Father’s Day is over but I deliberately postponed writing about it because I wanted to see how it would be celebrated this year… and more.
Yes, the malls were packed, and there were all kinds of marketing and promotional gimmicks to get people to buy, in the name of Dad and Tatay, and don’t forget something for Lolo as well.
What I was interested in was how the Filipino father has evolved, so while I lugged around my own brood of kids in Greenhills Shopping Center, I did some anthropology observing other dads, as well as the marketing gimmicks because the advertising people do their research way ahead to look for ways to boost sales.
There was still a lot of pandering to stereotypes, as in the gift suggestions for Dad, with the usual hardware, literally (as in tools), although I wonder how effective this is considering that rich fathers are not about to go around getting their hands soiled. I figured that if you gave them tools they’d hire someone else to use them.
Then there were the watches and cell phones, the men’s fragrances and lots of clothes (but not half of what’s pushed for Mother’s Day).
Even the supermarkets have been getting into the act, with shelves offering Father’s Day specials, but here I realized how strong the stereotyping is. Many of the offers were meat products, with a mild concession to sauces to help Dad do the barbecue. I realized how “unmasculine” vegetables come through. Dads get packets to prepare thick barbecue sauces, and not salad dressings.
I also noticed how the products being pushed for Dad were mostly imported stuff. Again, I’m wondering if it has something to do with stereotypes. It’s OK, it’s great, to give Dad Worcestershire sauce, but not a bottle of patis. That’s unless you follow the lead of UP Law Dean “Danicon” (Danilo Concepcion), who gives his colleagues large bottles of Malabon patis, really strong macho stuff!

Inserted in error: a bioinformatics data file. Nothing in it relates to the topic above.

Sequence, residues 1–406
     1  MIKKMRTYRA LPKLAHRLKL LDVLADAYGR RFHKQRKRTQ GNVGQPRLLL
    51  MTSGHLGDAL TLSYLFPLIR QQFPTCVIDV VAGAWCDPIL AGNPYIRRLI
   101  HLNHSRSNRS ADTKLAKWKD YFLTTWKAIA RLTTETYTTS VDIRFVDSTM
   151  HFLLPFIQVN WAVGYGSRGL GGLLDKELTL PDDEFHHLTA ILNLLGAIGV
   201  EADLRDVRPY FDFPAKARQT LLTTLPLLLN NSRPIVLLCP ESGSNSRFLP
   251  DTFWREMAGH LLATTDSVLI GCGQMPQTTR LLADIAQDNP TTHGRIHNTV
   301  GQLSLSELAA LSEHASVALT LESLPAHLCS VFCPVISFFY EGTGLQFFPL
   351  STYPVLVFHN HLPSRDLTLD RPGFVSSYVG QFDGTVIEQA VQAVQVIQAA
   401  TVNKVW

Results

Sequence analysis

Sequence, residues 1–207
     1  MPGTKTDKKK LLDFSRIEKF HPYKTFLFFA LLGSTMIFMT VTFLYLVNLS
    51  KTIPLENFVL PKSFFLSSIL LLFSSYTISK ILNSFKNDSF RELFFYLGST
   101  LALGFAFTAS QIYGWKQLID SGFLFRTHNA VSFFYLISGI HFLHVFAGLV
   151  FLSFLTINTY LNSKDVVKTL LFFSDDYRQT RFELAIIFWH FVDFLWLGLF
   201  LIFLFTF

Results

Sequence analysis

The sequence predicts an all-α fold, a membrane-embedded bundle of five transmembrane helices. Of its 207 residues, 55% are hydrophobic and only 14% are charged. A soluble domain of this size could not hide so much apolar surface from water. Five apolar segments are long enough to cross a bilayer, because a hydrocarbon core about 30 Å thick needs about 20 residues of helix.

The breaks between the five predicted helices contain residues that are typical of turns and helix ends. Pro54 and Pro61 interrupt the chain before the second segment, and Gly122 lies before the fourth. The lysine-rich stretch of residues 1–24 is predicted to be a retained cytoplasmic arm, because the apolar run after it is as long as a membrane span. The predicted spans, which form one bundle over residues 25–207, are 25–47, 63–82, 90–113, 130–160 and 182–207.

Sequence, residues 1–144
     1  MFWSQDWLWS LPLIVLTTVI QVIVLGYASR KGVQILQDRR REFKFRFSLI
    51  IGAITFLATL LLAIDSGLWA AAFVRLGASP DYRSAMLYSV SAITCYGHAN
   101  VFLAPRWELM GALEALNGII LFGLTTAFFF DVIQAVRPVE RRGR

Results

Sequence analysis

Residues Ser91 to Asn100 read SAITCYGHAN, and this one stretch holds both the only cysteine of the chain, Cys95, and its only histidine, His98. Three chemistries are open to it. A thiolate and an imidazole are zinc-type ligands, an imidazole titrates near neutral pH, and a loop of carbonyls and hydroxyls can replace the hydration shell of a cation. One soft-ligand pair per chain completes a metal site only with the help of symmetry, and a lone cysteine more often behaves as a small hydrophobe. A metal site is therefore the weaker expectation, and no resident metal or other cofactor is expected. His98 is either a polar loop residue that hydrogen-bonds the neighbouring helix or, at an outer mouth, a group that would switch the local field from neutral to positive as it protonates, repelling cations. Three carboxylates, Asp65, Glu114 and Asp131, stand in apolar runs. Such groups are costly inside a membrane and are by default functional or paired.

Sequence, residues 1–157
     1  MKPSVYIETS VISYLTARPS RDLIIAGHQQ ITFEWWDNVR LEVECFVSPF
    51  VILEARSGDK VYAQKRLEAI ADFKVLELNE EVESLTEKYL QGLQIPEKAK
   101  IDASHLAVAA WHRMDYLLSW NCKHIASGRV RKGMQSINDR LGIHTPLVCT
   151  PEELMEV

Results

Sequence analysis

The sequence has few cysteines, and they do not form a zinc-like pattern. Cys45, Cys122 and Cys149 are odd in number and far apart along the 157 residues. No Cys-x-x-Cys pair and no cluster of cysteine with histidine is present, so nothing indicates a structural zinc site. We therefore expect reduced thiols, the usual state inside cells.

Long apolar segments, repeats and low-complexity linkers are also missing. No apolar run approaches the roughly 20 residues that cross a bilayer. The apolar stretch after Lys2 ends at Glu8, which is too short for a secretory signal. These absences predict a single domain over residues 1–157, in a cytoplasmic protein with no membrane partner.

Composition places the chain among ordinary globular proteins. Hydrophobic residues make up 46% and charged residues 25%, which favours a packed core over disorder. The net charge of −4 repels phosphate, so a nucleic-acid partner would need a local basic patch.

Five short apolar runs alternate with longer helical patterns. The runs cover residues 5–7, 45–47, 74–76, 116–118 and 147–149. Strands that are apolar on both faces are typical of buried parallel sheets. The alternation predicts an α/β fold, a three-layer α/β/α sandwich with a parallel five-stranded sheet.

Dads and mountains
One Chinese restaurant, Crystal Jade, had an interesting poster that had the Chinese characters fu ai ru shan—a father’s love is like a mountain. It was the first two characters that caught my eye because Chinese fathers are notorious for being distant, and I have never encountered the two words—“father” and “love”—used together, in contrast to “mother” and “love.”
But there it was, and I suspect this is something very recent—the idea that fathers might love their children. Discipline, yes. Provide for them, yes. But love? That’s “sissy stuff.”
So maybe the mountain part was meant to balance out the wimpy connotations. An English translation was on the poster, with a commentary on how fathers must be strong, like mountains. I actually liked the phrase, maybe because I like mountains for their constant presence, which is what dads should be like.
“Should be” is, of course, different from reality. Fathers are all too often absent, the most extreme being the deadbeat Dad who disappears or abandons the girl he gets pregnant or, worse, an entire family.
And the fathers who do stay might not always be there. I’ve seen it everywhere, from pediatricians’ waiting rooms, to Parent-Teacher Association meetings, to sports practice. You hear, for example, of “soccer moms,” the ones who attend their children’s football practice and games, but not of “soccer dads.” An exception, of course, is basketball; Filipino fathers especially take time out to initiate their sons into the game and to play together. Richer families will have more of that father-son bonding through golf. But it’s a Dad-son thing, still very male.